By Sam Louwagie
The Carver-Hawkeye Arena crowd grew quiet for what seemed like the first time all day. What had been a raucous group of 13,750 wrestling fans groaned and then became hushed when the announcement came over the arena speakers.
Andrew Howe had been injured and could not continue. Jordan Burroughs would make the 2012 U.S. Olympic team at 174 kilograms.
The disappointment spreading throughout the building — “we all felt it,” USA Wrestling freestyle coach Zeke Jones said — didn’t rise from any hometown bias, even though Howe and Burroughs wrestle for Iowa’s Big Ten rivals. It was because the first match of the duo’s best-of-three series had been electric and seemed to promise an exciting finish.
But it would also be the series’ last match. And even the one person who should have benefited felt sour about it.
“That sucked,” Burroughs said. “I wanted to go out there and wrestle a second match. It’s not fun to win this way. Hopefully he heals up and comes back next year.”
Burroughs, a reigning world freestyle champion, had beaten Howe 4-2, 1-2, 1-0 in a captivating first match.
Burroughs is undefeated across eight events since the end of his college career. He got off to a typically dominant start; less than 20 seconds into the match, he tripped Howe to his back for a 3-point move.
But Howe fought back. Burroughs said he had thought Howe’s only consistent offensive move was a shot to the right leg. But Howe, who is known more for his stingy defense than his attacks, surprised his opponent with a few sweeping shots at his left leg on Saturday night.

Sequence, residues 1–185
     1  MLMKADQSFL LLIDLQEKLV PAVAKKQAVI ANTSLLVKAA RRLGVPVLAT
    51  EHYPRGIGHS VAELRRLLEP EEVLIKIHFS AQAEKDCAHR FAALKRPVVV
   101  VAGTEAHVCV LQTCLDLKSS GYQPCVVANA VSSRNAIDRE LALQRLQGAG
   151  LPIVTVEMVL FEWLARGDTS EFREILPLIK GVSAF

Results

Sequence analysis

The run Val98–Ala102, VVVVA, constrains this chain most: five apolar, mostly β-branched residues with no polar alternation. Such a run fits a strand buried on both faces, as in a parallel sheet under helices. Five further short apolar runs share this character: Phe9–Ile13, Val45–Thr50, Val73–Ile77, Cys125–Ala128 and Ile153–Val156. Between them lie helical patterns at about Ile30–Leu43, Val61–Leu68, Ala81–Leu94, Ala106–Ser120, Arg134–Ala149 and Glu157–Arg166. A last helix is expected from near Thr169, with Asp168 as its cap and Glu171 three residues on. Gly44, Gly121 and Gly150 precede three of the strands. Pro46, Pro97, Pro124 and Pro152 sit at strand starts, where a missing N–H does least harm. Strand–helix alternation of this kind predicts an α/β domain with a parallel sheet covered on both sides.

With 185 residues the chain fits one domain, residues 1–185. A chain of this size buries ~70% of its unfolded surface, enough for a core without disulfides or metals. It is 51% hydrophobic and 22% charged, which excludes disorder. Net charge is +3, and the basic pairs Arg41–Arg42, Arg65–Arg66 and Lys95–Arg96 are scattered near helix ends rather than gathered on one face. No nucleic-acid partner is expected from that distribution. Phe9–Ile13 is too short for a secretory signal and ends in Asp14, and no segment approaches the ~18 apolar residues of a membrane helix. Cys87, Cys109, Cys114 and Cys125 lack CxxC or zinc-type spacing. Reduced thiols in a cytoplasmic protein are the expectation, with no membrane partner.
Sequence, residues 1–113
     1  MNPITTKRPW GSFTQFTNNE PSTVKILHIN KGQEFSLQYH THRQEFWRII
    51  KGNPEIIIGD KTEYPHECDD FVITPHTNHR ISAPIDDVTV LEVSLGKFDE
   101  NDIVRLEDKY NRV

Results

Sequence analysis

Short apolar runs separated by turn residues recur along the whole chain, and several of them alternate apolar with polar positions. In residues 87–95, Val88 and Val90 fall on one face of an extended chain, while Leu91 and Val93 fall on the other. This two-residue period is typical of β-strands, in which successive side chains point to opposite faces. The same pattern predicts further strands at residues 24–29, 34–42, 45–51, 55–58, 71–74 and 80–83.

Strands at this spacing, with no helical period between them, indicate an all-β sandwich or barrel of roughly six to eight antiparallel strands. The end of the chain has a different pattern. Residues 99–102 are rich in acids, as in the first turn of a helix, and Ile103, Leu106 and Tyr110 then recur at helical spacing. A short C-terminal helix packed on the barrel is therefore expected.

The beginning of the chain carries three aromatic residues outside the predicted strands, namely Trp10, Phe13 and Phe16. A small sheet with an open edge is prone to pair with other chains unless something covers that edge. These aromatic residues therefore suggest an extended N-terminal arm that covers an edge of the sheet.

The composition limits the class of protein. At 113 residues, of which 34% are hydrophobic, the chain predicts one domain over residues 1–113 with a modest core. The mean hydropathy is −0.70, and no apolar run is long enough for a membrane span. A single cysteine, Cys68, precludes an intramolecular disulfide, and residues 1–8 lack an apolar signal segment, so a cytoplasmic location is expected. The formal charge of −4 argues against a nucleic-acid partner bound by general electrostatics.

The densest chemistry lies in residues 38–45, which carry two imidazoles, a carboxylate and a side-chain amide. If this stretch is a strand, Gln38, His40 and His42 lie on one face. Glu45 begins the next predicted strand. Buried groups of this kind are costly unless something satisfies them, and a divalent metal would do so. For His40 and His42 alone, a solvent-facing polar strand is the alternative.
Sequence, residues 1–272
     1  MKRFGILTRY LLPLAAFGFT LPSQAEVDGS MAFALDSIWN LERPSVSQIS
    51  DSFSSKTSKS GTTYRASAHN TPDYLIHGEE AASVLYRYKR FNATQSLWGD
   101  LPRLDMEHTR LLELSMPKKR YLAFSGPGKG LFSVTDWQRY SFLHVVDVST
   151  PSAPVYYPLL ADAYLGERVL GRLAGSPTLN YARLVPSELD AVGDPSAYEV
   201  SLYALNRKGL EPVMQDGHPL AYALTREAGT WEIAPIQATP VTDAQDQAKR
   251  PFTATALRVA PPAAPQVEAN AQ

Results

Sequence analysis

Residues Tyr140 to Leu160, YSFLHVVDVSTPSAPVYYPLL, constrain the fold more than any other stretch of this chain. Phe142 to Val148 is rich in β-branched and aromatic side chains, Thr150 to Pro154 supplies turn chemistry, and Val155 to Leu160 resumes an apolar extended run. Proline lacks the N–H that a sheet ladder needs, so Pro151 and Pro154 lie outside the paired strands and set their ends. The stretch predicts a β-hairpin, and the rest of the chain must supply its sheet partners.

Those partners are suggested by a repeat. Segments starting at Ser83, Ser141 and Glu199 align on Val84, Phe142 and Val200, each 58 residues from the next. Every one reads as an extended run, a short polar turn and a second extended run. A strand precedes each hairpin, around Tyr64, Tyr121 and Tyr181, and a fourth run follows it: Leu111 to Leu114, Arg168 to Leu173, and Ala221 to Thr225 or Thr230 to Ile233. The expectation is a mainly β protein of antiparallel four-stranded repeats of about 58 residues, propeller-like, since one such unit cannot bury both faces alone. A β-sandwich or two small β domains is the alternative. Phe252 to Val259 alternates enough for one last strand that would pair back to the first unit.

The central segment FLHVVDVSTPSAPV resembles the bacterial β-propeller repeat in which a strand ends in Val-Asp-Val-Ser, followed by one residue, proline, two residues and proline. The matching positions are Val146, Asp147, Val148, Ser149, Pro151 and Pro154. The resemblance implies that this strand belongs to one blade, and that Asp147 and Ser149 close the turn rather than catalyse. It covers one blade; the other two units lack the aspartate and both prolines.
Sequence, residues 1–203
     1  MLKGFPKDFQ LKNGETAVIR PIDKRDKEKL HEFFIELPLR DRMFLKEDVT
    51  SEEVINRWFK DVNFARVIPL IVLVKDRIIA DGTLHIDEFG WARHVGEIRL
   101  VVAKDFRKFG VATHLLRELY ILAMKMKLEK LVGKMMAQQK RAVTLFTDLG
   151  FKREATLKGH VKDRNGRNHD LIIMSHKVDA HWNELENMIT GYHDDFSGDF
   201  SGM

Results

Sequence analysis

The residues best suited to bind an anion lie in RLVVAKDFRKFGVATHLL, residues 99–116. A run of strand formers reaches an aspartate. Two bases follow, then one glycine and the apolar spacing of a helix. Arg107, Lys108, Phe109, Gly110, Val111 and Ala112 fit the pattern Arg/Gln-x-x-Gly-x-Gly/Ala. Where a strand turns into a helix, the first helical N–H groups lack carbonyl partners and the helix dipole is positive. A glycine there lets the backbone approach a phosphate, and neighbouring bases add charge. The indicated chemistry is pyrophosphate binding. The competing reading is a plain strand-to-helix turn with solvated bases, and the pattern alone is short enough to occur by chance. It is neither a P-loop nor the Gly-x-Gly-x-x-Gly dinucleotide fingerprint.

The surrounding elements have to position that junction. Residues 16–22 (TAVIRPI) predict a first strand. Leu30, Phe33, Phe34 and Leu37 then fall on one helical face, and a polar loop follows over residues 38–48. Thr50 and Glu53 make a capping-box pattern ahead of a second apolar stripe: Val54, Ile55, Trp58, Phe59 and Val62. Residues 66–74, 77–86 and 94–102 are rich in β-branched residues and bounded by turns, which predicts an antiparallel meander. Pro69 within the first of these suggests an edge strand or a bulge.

“He showed a lot more offense than he did in previous years,” Burroughs said.
It worked. He scored a takedown in the first period, and then two more in the second — including one with just seconds left to win the period.
Burroughs drove his opponent out of bounds for a point in the decisive third period. Later in the period, during a scramble, Howe’s leg twisted and he grabbed it in pain. He shook off the injury and attempted to score a tying point. He came up short, but walked off the mat under his own power. It was difficult not to immediately look forward to round two.
But Mark Manning, Burroughs’ former coach at Nebraska, got a phone call while his athlete was cooling down. It was Jones, who said Howe’s knee was too hurt to wrestle a second match. Manning called it “anti-climactic.”
USA Wrestling officials weren’t able to say how severe the injury was. Neither Howe nor anybody from his camp ever emerged from the locker room tunnel. All anyone knew immediately was that Burroughs was headed to London, and the crowd had to settle for just half of an exciting duel.
“You always want to see your two champions wrestle,” Jones said. “That’s why we’re all in this arena, to watch that happen. When it doesn’t happen, it’s not good.”
But there will likely be more chances to see Burroughs and Howe. The pair are young — Burroughs finished his Nebraska career in 2011, and Howe will return to the NCAA after having taken an Olympic redshirt this year — and seem poised to dominate this weight for years to come. They represent an exciting clash in styles: Burroughs the offensive dynamo and Howe the strong, tough defender.
“He always wrestles me tough,” Burroughs said. “He’s a grinder. We always have battles, so I appreciate wrestling him.”
Jones said he hadn’t talked to Howe yet, but would remind the Wisconsin NCAA champ how young he was. Many of the sport’s greats, Jones pointed out, didn’t make the Olympics while in college.
“What it tells you is that you’re close,” Jones said. “You’re that close to becoming one of the greatest wrestlers in the world. You’re time is coming. It’s just not today.”